Playbulb Smart Speaker and Lighting Review
Playbulb from MIPOW are a range of connected lighting products with simple Bluetooth controls. With the Playbulb devices, you’re not limited to one color or even a selection of static colors – you have the entire color spectrum at your disposal. With the Playbulb Color bulb, you can even play music.
We have a bundle of three MIPOW Playbulb products to give away to one lucky reader: The Playbulb Color Lightbulb, the Playbulb Garden Light, and the Playbulb Candle.
Let’s jump straight in.
The Playbulb Solar Garden Light is solar-powered, with energy from the sun being stored in an internal lithium-ion battery. It can be controlled by your Bluetooth-enabled device at a distance of up to 20m (66 ft).
The Playbulb Garden is water-resistant. It comes with two spikes which attach to a niche on the bottom of the light, the longer of which fits over the other and extends the depth to which is can be driven into the soil. It’s intended to stand up to all kinds of weather, though I didn’t get the chance to test that.
Of the three devices, the Garden is the brightest. It can throw light for several feet in total darkness, and it shows the light patterns the most clearly, with sharp and distinct colors. In addition to its aesthetic properties, it is portable and can be used on camping trips and outdoor vacations.
If you want a device that is only one color and significantly cheaper, the White Sun Power Smart LED lights are available on Amazon for as little as $5. They are more utilitarian than the Playbulb Garden, which makes them more useful for people who just want to illuminate things outdoors.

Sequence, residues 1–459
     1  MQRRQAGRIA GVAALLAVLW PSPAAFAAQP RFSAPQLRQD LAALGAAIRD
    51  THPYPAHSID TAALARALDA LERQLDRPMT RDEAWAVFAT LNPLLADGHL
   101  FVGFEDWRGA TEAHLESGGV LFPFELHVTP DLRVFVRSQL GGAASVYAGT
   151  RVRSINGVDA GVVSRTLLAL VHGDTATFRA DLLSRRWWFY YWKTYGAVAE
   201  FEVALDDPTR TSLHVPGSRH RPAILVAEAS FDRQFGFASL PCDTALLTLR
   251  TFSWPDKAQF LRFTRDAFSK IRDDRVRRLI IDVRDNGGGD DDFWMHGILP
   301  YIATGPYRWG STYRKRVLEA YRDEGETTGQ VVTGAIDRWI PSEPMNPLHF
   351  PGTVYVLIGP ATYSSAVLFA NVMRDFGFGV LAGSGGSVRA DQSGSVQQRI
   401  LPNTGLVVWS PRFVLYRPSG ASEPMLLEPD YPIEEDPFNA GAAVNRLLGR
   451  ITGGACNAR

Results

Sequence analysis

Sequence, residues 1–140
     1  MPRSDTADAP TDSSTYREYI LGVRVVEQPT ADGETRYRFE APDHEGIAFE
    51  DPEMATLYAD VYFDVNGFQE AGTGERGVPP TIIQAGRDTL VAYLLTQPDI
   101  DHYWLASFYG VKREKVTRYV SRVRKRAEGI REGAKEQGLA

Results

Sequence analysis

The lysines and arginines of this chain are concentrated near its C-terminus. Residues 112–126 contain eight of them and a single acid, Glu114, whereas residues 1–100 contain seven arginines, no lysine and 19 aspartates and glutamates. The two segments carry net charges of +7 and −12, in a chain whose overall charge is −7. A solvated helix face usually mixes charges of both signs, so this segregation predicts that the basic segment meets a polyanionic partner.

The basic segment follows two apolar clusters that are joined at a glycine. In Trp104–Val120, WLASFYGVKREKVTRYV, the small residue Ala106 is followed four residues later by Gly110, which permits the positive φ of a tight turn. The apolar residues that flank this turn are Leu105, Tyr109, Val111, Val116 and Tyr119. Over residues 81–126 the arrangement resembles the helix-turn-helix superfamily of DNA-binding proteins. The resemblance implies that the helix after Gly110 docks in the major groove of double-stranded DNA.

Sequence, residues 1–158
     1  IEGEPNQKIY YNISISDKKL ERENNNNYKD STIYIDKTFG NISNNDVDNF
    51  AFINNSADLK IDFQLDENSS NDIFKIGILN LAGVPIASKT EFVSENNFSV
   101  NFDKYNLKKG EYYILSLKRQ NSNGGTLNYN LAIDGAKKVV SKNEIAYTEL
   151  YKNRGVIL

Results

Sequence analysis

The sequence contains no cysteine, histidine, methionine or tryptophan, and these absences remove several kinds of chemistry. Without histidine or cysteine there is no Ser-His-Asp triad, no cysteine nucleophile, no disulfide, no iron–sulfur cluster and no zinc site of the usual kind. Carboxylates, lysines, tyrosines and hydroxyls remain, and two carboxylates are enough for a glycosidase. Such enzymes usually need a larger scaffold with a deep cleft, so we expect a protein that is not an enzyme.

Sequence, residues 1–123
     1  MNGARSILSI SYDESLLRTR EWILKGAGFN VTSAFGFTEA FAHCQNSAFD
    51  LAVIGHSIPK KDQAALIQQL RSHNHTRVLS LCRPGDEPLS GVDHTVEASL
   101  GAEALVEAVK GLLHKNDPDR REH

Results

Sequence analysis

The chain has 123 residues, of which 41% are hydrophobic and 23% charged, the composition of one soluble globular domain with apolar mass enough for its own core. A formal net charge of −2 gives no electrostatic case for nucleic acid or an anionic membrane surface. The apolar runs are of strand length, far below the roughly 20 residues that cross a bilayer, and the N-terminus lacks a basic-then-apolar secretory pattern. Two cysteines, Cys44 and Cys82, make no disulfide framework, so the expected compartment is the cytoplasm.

The Playbulb Candle’s use is slightly more limited than the Garden or Colorbulb – it’s physically smaller and illuminates far less. But it is the most soothing and aesthetically pleasing of the three.
The Candle works from 3 AA batteries and can last for days. It is portable and easy to use, making it a great conversation piece, though it can only be controlled from a distance of 10 meters. The app gives you the ability to make the Candle’s LED flame flicker in any color, though the flicker effect is softer and less noticeable than it would be with a real flame.
In case you miss either the scent of a candle, or the act of blowing one out at the end of the day, the Playbulb Candle has you covered as well. There is a scent diffuser built around the base of the “flame”, and the Candle comes with three scent chips to be placed into it. The scent chips seem quite weak; at least, I couldn’t smell a thing from the other side of the room.
There’s also a sensor built into the Candle that responds to your breath, so you can pretend to blow it out just as you would a real candle. Though to do so, you have to put your mouth very close to and almost directly over the bulb. If you have multiple Playbulb Candles, the “group blowout” feature means extinguishing a single candle will turn the rest of the group off too.
Unlike the other devices, the Candle cannot be controlled by an iPad, only from a phone. The device must also be taken apart in order to put in batteries and scent chips, which can be tricky and often feels like you’re going to break it.
If you want bigger flameless candles that can also be remote-controlled, try the Luminara Flameless Candles. Luminara Candles are made in a variety of shapes that more closely mimic wax candles, and the “flames” look and behave more realistically.
The Playbulb Color Lightbulb is the most useful of the three items in the bundle by far. It is a 15W LED lightbulb with a built-in speaker – the only device of the three that can play music too. It’s also the most expensive, at $60.
You control the color from the app, but you can also access the music tab, which will allow you to play any song you have on your mobile device from the Color Bulb itself. The bulb will pulse along with the music, making it useful for parties. The range of the light cast is very limited compared with that of an ordinary bulb, however, you can maximize the range by putting the bulb in a hanging light or similar overhead fixture where the top of the bulb faces out. It’s not so suitable for desk lamps.